It sounds simple enough. Your parents own land where they have lived and have farmed for decades, and you want to build a house there so you can stay in the community.
Isn’t that what the rural communities need; new generations to keep the economy alive?
Well unfortunately, if you happen to live in the vicinity of a heritage site in Louth or Meath, you could be looking at a point-blank refusal for planning permission.
“I want to build a house with my partner where my family has lived for over 20 years in Balgathern, near the Hill of Rath,” explains Luke Corr.
“But because this lies within an exclusion zone around Newgrange, we’re told we can’t build a house. I’ve stood in the field in all sorts of weather with a pair of binoculars, and I’ve never managed to even see Newgrange!”
Indeed, Newgrange and its heritage site is some 10km away from where Luke and his partner want to settle, and he is now looking to ‘Rewrite Zone 6’, the strict guidelines drawn up by Louth and Meath County Councils to prevent develop on these lands.
“Protecting these sites is understandable to prevent eyesores and urban sprawl, but at the expense of locals, even if we qualify for local needs.” adds Luke.
“It is so frustrating and it’s well intentioned, but there won’t be a community left soon if the rules are not relaxed. There’ll be no one left to attend the schools or support the shops or local businesses.”
“My family have worked these fields for over 30 years, and one of the only ways I could build on my own land is to be working full-time in agriculture, which let’s be honest, not many women do in this day and age, and I certainly don’t want to,” she said.
“The communities around here are dying, and these laws are eliminating a lot of young people who want to live here. I grew up here and I want my children to grow up here, and I want to live near my parents – it’s not too much to ask.”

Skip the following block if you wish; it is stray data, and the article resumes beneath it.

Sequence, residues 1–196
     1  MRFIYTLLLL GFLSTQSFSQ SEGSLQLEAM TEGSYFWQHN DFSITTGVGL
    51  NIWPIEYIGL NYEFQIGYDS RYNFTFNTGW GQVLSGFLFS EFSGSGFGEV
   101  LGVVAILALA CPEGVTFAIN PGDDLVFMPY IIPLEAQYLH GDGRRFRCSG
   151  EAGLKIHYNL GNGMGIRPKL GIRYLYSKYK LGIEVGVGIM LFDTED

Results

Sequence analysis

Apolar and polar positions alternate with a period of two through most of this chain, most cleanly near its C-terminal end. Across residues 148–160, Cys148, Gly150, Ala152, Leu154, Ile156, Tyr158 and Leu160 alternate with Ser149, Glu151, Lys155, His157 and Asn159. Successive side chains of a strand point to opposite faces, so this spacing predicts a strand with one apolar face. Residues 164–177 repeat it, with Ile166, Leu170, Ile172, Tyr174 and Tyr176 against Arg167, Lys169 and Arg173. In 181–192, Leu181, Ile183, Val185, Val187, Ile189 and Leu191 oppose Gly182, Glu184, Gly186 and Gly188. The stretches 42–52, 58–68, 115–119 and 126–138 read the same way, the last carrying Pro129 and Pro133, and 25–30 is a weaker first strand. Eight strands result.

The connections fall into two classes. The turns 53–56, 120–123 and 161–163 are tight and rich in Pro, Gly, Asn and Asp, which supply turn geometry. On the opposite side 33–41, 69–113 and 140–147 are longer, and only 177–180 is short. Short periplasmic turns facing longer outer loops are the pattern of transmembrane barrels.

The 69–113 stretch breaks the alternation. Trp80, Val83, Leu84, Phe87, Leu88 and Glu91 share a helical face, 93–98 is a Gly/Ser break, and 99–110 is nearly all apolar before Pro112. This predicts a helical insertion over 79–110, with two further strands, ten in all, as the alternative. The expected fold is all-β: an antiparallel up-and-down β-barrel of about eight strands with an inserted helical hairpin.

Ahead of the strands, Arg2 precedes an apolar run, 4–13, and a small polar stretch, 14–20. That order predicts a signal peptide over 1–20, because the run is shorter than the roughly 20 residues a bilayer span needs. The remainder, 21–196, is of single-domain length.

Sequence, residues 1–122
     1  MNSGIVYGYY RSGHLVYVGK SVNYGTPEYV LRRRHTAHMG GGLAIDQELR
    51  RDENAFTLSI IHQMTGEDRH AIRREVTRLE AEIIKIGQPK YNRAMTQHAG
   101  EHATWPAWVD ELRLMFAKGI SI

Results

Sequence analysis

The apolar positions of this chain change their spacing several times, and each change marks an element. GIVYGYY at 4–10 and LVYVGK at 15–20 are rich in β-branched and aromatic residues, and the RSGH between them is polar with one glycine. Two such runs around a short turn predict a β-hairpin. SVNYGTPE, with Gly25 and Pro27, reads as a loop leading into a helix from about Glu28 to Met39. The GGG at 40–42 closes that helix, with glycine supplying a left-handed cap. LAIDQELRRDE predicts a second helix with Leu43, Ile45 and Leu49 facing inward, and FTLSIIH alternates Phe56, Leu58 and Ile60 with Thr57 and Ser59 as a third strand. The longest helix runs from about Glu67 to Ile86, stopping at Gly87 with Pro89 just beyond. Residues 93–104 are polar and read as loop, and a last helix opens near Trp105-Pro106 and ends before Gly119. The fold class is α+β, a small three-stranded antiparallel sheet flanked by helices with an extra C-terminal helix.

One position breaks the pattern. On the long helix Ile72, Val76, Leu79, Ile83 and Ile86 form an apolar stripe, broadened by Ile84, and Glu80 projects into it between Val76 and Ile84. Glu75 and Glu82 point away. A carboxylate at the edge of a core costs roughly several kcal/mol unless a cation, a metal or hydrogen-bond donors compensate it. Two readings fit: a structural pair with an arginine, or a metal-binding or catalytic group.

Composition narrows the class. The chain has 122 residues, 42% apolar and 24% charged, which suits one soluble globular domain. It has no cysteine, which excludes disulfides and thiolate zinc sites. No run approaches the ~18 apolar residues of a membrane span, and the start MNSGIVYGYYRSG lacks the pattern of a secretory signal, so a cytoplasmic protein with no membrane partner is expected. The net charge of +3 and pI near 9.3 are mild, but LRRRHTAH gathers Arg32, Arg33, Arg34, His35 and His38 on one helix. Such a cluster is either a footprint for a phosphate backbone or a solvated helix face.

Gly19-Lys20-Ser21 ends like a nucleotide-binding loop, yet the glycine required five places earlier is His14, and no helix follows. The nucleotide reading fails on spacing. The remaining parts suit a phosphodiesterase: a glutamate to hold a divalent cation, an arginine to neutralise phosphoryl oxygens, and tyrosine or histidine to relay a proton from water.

As well as having your main source of income from agriculture, another way to bypass the rules is to look after parents full time, but neither resident thinks this is a good reason.
“It would be disingenuous for a start, as neither of them needs looking after!” says Luke. “I wouldn’t want to get permission by deceit anyway, and yet that is what the councils are pushing people into with these stipulations. It would be better to be done honestly. I have looked all over the country, and every other local authority seems to be able to deal with heritage and planning, so I can’t see why here is so different. We all want to protect our heritage, but we have to look after people in our communities too.”
Cllr Frank Godfrey is empathetic to their cause, and has tabled a motion with Louth County Council, however, he says the residents will not be happy with the response.
“I support those affected by this rule, as it just doesn’s add up,” he told the Drogheda Independent.
“Some of these young people have moved away or emigrated, and want to live in their own communities. We have a housing crisis, and people need to build their own houses, especially in their own communities, on their own land.”
In response to his motion about changing the Zone 6 law, he was told the policy had been adopted by the members in 2015 “in recognition of the outstanding value of the heritage site at Brú na Bóinne and the site at Monasterboice, seeking to protect the integrity and authenticity of vulnerable heritage and cultural landscape”.
“As such, any proposal change would require a variation of the Louth County Development Plan,” it stated.
“This will not be good news for those who want to have the policy changed, as it seems they are not for budging on,” adds the Mayor of Drogheda.
“The most annoying thing is they are penalising people when they are not even looking after the crosses, which makes a farce of the whole thing.
“We should be putting people before monuments, and I feel the locals are being discriminated against with this zoning.”
Luke Corr and others affected by the Zone 6 legislation have started a petition asking for revision of, what they call, ‘the unfair and unjust legislation put in place by Louth County Councillors in the Louth Development Plan’.
They are hoping to persuade the local representatives to re-write and amend the legislation of Zone 6 to allow local rural dwellers to be granted planning permission for oneoff dwellings. Concerned residents of the zones attended a recent meeting ito get details of the issues and hear how changes could make a difference to families and the community.
“There is a clear discrimination against these local dwellers,” explains Luke, who is trying to build a oneoff house on family land on the Hill of Rath. “In a time where there is a housing shortage; locals who qualify for local needs should be permitted to build one-off housing”.